I miss John Denver. Don’t judge.

But anyway, it is indeed the 5th day of Christmas. We didn’t put our tree up until the 23rd, so we’re in no hurry for Christmas to come to an end. I had to run some errands this morning, and I turned on the all-Christmas-all-the-time [since All Saints Day!] radio station…. and I was taken aback to hear something not remotely Christmas-y. The stores have only picked over bins of 80% off Christmas items… picked over candy.. leftover tinsel and garland… and I walked back into the door of my house and heard the carols singing and saw the tree [aluminum] and its light [rotating disc of varying colors. Coolest. Tree. Ever.] and I was relieved to be walking back into Christmas. How has this happened? How has it come to this?? 


We have a big advantage at our house; Ms. A was born on Christmas morning, and Mr. A was born on Dec 28.. T-man was placed with us on Dec 28th,  and Fr. S celebrates an Epiphany birthday… so we have reasons to celebrate throughout the 12 days of Christmas. I think that helps keep the holidays front and center for us, and I’m so glad. I’m just not ready to put it all away yet, and I’m always too sheepish to embrace the Incarnation during Advent [it’s the Lutheran left in me. I can’t help it]. 


But what I want more than anything is for the Incarnation of this Emmanuel to be recounted, retold, relived, revealed in me all year long – more of Him and less of me. This is my prayer on this 5th day of Christmas.

And, I wouldn’t mind 5 or so new golden rings.


Oh! The title of this post refers to this:



Right Hand - Stitches Out!

Right Hand - Stitches Out!


I got my stitches out this morning. I’ve been playing piano every day – a couple of nights ago it was close to an hour’s worth of playing – my right hand could have gone on all night, while the left hand needed a shake-down break every 4 minutes to get the blood flowing again. I’d rate the right hand’s ability to play at about 80-85%. I’d never have believed it.

One week to go until the left hand begins the same process. I can’t say enough good about the healing process, my ability to play, the level of pain – it all has been FAR better than anything I expected. I am profoundly grateful, and will be all the more so when both surgeries are but a distant memory.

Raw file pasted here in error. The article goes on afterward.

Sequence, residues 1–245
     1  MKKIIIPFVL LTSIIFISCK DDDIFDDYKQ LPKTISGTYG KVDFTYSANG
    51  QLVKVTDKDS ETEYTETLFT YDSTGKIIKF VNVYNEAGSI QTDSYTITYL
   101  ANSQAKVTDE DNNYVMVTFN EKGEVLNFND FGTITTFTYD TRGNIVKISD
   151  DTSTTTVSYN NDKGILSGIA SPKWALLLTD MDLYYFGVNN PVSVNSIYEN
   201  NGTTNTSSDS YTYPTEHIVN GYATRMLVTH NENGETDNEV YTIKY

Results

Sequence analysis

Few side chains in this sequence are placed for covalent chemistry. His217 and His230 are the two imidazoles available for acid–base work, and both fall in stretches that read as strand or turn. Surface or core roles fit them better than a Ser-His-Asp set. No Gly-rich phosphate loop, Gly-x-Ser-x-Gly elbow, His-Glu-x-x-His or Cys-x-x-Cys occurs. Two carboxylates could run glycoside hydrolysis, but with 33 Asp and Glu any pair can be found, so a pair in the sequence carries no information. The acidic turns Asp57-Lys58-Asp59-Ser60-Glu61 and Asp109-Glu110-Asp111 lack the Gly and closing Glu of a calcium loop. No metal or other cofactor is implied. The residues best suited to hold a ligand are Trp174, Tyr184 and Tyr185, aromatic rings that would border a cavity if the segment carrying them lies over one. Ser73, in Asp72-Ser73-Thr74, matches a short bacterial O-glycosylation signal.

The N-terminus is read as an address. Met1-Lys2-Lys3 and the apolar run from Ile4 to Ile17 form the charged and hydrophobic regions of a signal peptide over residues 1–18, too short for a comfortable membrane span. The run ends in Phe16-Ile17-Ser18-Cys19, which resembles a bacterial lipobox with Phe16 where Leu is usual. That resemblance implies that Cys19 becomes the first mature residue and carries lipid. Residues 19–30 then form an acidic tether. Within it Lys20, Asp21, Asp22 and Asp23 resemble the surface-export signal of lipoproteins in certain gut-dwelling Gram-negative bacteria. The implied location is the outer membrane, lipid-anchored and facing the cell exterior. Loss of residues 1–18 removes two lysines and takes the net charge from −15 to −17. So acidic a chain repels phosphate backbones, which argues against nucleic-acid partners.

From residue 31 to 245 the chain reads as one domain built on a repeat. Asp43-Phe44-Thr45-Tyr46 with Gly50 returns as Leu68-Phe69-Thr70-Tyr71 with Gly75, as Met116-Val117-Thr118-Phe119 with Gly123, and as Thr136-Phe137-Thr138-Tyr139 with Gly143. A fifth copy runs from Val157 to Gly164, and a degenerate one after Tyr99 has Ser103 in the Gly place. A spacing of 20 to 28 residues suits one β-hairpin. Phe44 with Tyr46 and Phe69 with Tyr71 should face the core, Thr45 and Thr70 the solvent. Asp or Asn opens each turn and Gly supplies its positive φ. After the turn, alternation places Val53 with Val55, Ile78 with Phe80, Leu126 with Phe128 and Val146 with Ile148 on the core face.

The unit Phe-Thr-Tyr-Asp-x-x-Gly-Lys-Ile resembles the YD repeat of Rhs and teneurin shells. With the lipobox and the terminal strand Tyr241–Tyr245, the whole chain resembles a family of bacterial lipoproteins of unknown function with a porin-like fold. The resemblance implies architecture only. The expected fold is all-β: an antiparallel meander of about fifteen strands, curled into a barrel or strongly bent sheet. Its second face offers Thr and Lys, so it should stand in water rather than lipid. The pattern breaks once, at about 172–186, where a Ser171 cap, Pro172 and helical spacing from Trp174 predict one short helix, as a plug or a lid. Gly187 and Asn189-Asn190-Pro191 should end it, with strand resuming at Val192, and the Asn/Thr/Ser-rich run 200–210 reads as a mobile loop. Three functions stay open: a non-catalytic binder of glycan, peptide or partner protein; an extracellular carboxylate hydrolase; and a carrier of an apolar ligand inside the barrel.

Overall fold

Christmas joy to all of you!

Quick Advent Update

Tinsel and things


O come, Thou Day-spring, come and cheer
Our spirits by Thine advent here;
Disperse the gloomy clouds of night,
And death’s dark shadows put to flight.
Rejoice! Rejoice!
Emmanuel shall come to thee,
O Israel.



I’m feelin’ a little gloomy today, so that verse of the well-known Advent hymn ‘O Come O Come Emmanuel’ is doing it for me. Briefly..

…It’s wet, cloudy, gray, and generally gross outside. I’d rather have snow than this stuff. It’s not even officially winter yet. I need to get a grip.


…I’m t-minus- 36 hours from a trip to the hospital for my first carpal tunnel repair surgery. I’ve been wanting this surgery for 10 years.. finally found the time for it… and I go from having forgotten about it to being slightly terrified. My hands are a very significant part of the way the Lord has wired me musically. I’m totally debilitated in my piano playing without the procedure… and completely spooked at the thought of getting my hands cut open and repaired. In the grand scheme of things, people have got it a whole lot worse – of that I’m fully aware. I’ll let you all know how things are by mid-week – hopefully I’ll be typing again by then, at least a little. The doctor wants me playing piano the day after the surgery — ‘no better therapy or rehab’. I’m sure all will be well.


…also confronted some of the issues that one faces with aging, declining-in-health parents. Praying for lots of grace and wisdom on that front.


O come, Thou Key of David, come,
And open wide our heavenly home;
Make safe the way that leads on high,
And close the path to misery.
Rejoice! Rejoice!
Emmanuel shall come to thee,
O Israel.


Come, Lord Jesus.